7. I assume the driver behind or in front can use the DRS. That’s much better than the current system. It adds a strategic element to it rather than simply press the button when you’re close enough. It also means the driver in front has a chance to defend themselves from the car behind using DRS if they haven’t used it already.

  8. DRS in GP3? Why? Just get rid of the blasted thing already, it is artificial nonsense.

    1. Limiting the number of times it can be used gives it a tactical edge that the F1/F2 system lacks.

  9. Wait, the push to pass mention is confusing me. Will GP3 have a higher engine mode push to pass system this year? Or are you saying the limited DRS use is similar to the classic push to pass…?

    1. @sato113 – No. It’s basically just a limited about of DRS uses meaning it can be used to attack, defend, make a gap, close a gap…

      I really like push-to-pass in Indycar and I used to like KERS in F1 so I’d be happy to see this in F1.

      1. KERS was great and needs a return. A driver could deploy it all at once without the driver infront knowing. And everyone had the same usage of KERS over a lap. It was fair!

        1. The current cars still have KERS – it just morphed into the MGU-K in the current units and its deployment has changed into a managed system.

          My guess is there’s very little effort required to return to a push-to-pass deployment system, other than the subsequent loss of power as the engine runs out of deployable energy until it can be regenerated later in the lap…

          1. @optimaximal: “the subsequent loss of power as the engine runs out of deployable energy”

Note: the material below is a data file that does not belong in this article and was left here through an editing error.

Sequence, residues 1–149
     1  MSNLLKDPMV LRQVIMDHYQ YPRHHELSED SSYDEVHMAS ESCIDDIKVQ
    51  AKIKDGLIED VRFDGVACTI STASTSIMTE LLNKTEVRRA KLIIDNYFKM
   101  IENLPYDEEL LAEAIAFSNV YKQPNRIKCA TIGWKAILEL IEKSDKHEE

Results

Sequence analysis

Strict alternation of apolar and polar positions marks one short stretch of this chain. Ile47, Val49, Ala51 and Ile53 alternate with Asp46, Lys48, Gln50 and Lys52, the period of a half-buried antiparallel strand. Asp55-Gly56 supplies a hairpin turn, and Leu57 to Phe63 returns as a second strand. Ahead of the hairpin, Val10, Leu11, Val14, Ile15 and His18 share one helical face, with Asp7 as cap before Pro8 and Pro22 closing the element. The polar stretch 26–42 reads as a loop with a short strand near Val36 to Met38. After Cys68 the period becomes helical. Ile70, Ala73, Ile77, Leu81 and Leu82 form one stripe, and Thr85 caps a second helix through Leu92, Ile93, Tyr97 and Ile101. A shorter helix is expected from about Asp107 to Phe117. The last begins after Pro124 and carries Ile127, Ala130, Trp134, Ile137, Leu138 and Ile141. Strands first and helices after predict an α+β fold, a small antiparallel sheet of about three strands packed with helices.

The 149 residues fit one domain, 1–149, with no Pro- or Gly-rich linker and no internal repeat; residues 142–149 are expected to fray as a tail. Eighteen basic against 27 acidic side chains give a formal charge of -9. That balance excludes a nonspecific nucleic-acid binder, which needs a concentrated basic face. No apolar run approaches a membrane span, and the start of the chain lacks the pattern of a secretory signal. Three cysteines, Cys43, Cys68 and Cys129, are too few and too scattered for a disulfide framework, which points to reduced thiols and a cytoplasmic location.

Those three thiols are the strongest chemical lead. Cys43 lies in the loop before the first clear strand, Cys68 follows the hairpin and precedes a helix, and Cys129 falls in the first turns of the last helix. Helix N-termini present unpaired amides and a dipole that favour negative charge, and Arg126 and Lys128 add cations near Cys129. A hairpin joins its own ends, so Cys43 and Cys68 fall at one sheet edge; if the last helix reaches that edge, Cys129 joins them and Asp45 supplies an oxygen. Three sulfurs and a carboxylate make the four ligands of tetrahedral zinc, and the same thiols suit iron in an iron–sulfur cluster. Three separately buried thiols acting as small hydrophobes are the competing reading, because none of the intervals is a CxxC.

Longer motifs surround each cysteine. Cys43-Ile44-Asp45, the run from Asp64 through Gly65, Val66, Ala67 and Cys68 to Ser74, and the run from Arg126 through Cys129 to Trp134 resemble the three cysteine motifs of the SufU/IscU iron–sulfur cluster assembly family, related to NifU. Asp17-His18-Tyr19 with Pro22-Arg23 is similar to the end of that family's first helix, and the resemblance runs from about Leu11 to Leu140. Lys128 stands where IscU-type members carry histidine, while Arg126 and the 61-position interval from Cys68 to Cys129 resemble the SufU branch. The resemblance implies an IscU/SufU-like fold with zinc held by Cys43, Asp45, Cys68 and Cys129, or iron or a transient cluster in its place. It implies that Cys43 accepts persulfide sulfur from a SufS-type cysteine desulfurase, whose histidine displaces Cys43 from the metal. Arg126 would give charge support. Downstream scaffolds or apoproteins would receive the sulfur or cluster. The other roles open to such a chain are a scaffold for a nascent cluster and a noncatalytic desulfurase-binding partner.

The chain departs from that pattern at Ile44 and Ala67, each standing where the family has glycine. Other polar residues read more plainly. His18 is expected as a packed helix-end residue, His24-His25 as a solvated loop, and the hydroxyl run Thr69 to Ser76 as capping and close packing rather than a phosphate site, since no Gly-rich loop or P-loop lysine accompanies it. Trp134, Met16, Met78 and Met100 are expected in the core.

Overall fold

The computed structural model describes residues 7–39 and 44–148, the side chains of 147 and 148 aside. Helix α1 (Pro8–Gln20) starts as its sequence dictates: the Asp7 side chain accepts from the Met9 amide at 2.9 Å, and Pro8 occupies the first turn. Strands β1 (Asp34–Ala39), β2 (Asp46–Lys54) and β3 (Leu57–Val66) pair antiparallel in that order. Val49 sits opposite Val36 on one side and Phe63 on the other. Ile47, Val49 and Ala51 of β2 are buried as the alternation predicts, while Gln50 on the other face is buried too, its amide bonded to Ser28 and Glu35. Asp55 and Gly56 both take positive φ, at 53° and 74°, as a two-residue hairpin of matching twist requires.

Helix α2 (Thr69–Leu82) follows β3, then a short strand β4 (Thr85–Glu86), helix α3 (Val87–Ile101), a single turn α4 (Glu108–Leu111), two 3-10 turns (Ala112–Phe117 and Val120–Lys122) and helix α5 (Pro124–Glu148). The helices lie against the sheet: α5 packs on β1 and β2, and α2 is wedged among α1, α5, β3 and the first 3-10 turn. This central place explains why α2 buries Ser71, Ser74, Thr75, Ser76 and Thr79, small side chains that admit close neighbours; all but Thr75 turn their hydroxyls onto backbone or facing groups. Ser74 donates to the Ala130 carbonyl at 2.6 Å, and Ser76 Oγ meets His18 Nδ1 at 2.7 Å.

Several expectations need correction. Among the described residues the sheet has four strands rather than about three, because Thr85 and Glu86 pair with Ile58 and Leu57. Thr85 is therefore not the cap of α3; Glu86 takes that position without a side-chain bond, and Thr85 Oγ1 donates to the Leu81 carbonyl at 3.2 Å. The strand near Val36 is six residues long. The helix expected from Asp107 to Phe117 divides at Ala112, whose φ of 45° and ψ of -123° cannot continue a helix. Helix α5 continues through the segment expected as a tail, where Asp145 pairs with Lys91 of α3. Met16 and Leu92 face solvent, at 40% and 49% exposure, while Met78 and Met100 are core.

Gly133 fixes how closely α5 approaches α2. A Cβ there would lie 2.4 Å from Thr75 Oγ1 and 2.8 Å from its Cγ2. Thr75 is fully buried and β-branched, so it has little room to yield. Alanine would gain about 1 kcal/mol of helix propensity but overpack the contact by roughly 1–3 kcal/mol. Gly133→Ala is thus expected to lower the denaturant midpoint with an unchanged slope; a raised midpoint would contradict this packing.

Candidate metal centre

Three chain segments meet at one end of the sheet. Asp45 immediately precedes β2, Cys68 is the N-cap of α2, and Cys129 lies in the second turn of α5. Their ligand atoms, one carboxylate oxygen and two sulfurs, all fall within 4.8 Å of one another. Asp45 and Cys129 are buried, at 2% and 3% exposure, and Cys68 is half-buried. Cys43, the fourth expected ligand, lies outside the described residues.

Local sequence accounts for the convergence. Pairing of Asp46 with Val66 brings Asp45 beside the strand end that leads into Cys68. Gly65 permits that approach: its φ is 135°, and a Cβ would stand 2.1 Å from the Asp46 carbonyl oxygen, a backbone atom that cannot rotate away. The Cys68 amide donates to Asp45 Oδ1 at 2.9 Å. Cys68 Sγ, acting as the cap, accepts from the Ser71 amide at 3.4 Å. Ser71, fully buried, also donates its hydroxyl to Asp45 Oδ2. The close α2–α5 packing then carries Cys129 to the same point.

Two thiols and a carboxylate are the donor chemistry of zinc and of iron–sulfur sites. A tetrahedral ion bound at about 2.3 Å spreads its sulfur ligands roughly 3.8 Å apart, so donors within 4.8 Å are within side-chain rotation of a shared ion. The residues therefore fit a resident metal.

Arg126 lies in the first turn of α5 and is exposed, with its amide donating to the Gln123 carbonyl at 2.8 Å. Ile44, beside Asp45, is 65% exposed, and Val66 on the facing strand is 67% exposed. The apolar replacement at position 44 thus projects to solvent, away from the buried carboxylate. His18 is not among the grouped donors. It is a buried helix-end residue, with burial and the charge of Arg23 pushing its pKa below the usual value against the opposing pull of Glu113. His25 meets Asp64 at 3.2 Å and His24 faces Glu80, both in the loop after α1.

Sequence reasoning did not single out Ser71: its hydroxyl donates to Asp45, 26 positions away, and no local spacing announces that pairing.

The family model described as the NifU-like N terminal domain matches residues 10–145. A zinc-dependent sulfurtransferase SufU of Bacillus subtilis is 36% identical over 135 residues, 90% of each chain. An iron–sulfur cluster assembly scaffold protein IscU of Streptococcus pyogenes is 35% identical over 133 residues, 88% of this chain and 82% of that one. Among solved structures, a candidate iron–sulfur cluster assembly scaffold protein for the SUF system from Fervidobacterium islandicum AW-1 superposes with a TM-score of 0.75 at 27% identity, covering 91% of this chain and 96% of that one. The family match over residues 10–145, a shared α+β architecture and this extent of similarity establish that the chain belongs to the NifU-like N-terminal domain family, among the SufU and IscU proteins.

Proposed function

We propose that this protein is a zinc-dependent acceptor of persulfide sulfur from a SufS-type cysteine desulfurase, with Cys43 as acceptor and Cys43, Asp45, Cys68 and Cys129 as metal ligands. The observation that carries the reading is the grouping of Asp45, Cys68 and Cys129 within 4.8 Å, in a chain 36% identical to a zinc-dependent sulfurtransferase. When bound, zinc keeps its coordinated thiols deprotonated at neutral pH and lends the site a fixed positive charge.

F1 already has a working prototype. It’s called McLaren Honda.

        2. KERS needs to come back and be made more powerful

          1. KERS never left (now called MGU-K ERS), and is twice as powerful (60 to 120 kW).
            @mbr-9

  10. This is the proper way, test stuff out in GP3… then if it works bring it to F1. Not F1 first then clean up mess later.

  11. Close, but no cigar. I totally agree with the limited number of uses per race, but the drivers should be allowed to use the push-to-pass anywhere on track at any time for any reason, attack, defend, close a gap, extend a gap, whatever. This puts the racecraft back in the driver’s hands as to when and where he/she employs various race tactics knowing he/she only has limited use of the system. Get rid of “DRS Zones” altogether.
    I know the next comment will be to “get rid of DRS altogether”, but as long as it’s here, let the drivers decide when they use it.

    1. Get rid of DRS altogether.

      Just kidding. I can’t believe it’s taken this long (literally years of reading fans’ complaints about DRS) to finally hear someone agree with me on this and suggest the solution: DRS could be a very good tool that improves racing, increases overtaking, and maintains the driver skill and tactical edge aspect by simply applying usage limits and getting rid of the zones.

      The argument I can think of against this is drivers deploying it in unsafe areas. But DRS was available in qualifying originally and proved that this is not really an issue; areas of particular concern (Monaco tunnel, Eau Rouge etc.) could easily be banned.

      The whole only available when 1s behind another car and only on certain zones aspect of DRS is what makes it boring and artificial to me.